Even if we are good at focusing when we need to, it’s hard to keep on track when switching activities. Here’s how to make it easy to keep on track.
Life is simple when I keep on track. Most of the productivity training says to keep on track, just block out the time you need to do stuff and do it then. But if you really want to keep on track, the secret lies not in the big blocks of time, but in the milliseconds between them. When we transition in or out of an activity is when we risk getting swept away to the desert of distraction. If you want to be Super You, get good at your tasks, but also get good at your transitions.
Distractions Start Immediately
It starts when I get to work. I want to keep on track, but distraction lurks behind my office door, ready to pounce.
I arrive at the office, sit down in front of my computer, and place my hand lovingly on the mouse. I scan the colorful, glowing desktop, looking for icons to click. Sometimes, I click the prettiest icons first. Oh, look, a web site! I read the first three sentences and furrow my brow in deep, reflective thought, for about two and a half seconds. Then I click on an ad with a picture of an Abercrombie & Fitch model. An hour later, I am the proud owner of six new pairs of jeans (that will magically give me washboard abs), a fabulous pre-torn T-shirt, a lifetime subscription to the A&F catalog, and a permanent case of body image insecurity. What I am not is any further along on my work for the day.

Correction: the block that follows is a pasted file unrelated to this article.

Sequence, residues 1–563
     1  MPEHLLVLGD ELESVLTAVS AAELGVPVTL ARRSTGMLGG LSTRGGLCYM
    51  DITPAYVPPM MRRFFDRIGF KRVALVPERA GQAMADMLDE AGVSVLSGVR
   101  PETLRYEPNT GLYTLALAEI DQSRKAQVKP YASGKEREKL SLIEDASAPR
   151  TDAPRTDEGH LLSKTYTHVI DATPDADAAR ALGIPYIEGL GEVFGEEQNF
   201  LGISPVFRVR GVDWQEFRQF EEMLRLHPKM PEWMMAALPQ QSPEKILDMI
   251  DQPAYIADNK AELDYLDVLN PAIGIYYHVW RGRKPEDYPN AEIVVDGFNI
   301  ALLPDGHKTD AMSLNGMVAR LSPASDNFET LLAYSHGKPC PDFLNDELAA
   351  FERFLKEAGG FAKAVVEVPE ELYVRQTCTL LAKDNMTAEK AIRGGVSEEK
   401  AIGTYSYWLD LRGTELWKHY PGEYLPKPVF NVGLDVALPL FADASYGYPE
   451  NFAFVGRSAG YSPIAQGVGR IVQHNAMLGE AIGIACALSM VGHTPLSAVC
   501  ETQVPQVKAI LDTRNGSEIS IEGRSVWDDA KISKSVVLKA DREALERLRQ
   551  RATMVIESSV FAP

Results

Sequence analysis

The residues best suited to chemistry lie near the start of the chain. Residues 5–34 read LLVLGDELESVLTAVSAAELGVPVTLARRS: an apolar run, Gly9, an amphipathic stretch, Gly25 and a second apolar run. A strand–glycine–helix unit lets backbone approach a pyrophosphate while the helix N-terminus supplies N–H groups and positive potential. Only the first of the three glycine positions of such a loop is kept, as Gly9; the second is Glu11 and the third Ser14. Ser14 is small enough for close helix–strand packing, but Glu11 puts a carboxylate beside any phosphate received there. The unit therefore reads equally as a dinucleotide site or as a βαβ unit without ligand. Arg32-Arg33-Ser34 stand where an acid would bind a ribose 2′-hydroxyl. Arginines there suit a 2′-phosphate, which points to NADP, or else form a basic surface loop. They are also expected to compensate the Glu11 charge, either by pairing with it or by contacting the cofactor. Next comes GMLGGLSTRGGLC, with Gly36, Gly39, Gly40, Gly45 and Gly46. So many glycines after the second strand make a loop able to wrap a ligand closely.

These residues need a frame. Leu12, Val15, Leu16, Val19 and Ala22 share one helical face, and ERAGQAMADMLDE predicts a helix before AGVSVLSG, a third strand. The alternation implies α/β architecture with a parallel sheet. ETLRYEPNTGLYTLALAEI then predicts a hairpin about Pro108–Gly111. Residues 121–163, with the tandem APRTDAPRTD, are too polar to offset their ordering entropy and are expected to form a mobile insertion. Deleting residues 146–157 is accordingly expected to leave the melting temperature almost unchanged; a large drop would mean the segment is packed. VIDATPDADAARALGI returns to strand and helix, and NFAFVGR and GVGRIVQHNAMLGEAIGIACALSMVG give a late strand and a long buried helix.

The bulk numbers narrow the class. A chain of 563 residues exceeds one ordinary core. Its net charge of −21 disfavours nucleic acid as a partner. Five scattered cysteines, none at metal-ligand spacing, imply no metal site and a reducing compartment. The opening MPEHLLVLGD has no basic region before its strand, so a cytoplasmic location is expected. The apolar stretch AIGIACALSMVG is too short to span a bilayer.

Keep on Track During Transitions
In this (hypothetical) example, what I’m missing is a good habit for how to transition into work so I get useful stuff done. A transition is a ritual that’s so ingrained, it keeps me moving smoothly between tasks.
Inside a task, I’m fine. While planning my conquest of the cheesecloth market (mwah hah hah hah!), it’s easy to keep going. But getting into the groove and getting back out are another matter.
Keep on Track When You Transition to Work
When you get to work, you need to figure out what to work on, and then start doing it. Given your job and personal habits, design a ritual you will do every day that moves you smoothly into work.
Arrive. Drop your stuff by your desk. Scan your calendar, task list, inboxes, and any emergencies that absolutely positively need to be dealt with right now. Tell them to wait. Get a sense of what’s on your plate. Scan for a high-level overview, but don’t deal with stuff, yet. Then head to the lunch room to whip up a tasty beet, celery and whey shake. My pal Bernice swears by them; she says they “get things moving” in the morning. No comment. While you’re blending, decide on today’s priorities. Leave the blender in the sink for someone else to clean (that can be their keep-on-track morning ritual) and return to your desk. Then immediately do 5 minutes of work on your top priority.
Design your own arriving-at-work ritual. Make sure it’s deliberate, and starts the day off on the right foot.
Keep on Track During Interruptions